The Nordic countries are expected to triple available data center power in just three years, according to a report by data center consultancy BroadGroup.

The IT infrastructure market in Iceland, Norway, Sweden, Finland and Denmark could attract as much as €3.3billion in investment by the end of 2017.

“The Nordic Region is set for growth with new demand, build and market entrants,” commented Philip Low, managing director of BroadGroup.

“Lower power costs, abundant resources of green energy, local and international investment, connectivity, taxation incentives, and natural cooling efficiencies present a formidable argument for consideration in the international IT deployment plans of any global enterprise.”

We come from the land of the ice and snow

Reine Village, Lofoten Islands, Norway
Reine Village, Lofoten Islands, Norway – Thinkstock / IakovKalinin

In its report, BroadGroup looked at 112 data center operators located in Northern Europe, and came to the conclusion that white space available in the region will grow by another 150 percent by 2017.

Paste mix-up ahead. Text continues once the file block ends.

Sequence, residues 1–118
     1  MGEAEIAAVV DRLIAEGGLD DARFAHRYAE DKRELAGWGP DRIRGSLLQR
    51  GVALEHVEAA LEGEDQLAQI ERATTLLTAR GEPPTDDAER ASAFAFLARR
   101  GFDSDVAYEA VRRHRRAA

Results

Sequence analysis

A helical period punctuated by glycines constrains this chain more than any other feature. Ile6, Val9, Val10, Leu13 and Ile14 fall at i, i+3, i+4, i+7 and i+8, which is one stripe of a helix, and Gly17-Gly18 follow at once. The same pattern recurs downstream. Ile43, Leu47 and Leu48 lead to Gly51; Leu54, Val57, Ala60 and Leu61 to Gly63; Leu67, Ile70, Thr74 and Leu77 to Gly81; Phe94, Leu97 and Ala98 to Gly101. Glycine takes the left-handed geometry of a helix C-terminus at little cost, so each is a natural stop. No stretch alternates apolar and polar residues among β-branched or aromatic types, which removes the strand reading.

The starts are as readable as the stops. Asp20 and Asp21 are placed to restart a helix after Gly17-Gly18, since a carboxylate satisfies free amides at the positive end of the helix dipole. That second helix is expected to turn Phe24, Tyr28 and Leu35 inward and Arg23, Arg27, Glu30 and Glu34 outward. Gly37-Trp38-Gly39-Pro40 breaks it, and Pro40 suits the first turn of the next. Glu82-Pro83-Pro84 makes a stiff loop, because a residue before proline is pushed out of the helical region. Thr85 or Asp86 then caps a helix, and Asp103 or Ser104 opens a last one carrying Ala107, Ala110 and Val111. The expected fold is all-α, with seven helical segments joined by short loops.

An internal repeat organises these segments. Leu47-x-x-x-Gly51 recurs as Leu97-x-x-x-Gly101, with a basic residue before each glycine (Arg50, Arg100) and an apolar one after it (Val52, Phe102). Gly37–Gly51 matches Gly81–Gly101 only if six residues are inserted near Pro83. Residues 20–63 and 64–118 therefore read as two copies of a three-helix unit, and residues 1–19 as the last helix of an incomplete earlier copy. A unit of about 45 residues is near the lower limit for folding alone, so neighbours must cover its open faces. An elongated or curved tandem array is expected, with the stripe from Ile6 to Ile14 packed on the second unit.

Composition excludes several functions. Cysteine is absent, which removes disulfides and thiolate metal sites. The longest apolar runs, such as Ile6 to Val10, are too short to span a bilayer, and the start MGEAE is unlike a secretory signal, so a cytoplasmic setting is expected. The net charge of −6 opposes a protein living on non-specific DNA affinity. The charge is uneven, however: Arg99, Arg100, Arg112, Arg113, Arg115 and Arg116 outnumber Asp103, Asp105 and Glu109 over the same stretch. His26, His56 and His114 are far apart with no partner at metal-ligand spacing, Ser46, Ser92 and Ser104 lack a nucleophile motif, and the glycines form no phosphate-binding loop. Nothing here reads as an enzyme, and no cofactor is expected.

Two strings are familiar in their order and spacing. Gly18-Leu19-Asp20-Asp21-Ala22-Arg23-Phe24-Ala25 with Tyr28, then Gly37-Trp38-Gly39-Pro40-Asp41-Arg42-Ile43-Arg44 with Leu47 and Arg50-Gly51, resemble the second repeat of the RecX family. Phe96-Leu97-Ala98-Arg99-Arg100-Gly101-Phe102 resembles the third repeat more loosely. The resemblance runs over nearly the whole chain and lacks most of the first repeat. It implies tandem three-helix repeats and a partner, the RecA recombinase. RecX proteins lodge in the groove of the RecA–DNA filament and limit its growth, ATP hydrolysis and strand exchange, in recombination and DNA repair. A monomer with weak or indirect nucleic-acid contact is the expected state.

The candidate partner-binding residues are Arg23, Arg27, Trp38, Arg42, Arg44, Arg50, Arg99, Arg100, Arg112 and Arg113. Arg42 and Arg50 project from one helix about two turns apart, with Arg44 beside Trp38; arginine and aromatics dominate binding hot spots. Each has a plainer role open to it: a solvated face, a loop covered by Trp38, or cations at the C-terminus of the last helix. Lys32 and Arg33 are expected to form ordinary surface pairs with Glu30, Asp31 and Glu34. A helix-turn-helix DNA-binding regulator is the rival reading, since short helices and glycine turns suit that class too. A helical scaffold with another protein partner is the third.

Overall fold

Money spent on data center expansion and new builds will total €3.3billion – almost half of this amount invested by foreign companies. And foreign companies are indeed interested: Apple is currently building a massive facility in Denmark, while Google and Yandex have chosen sites in Finland.

However, the largest data center in Europe is being built by local player Lefdal in Norway. The facility in Måløy will open in August 2016, offering up to 120,000 square meters of server space in a disused mine, much of it provided in containers shipped by German infrastructure specialist Rittal.

The region is well known for cheap energy and the abundance of renewable sources, especially hydroelectric and wind power, with prices as low as €0.03 per kW Hour, plus taxes.

According to the report, the lowest-priced electricity in the Nordics is found in Luleå, Northern Sweden – a region known as the ‘Node Pole’ that already hosts two data centers by Facebook, as well as facilities owned by Bitcoin venture K’n’C Miner and British ‘green’ data center specialist Hydro66.

The report also mentioned government incentives for foreign investors and highly educated workforce as the factors that aid the growth of the market. It noted that most data center facilities in the Nordics are focused on hosting, colocation and cloud services, with wholesale data center deals remaining rare.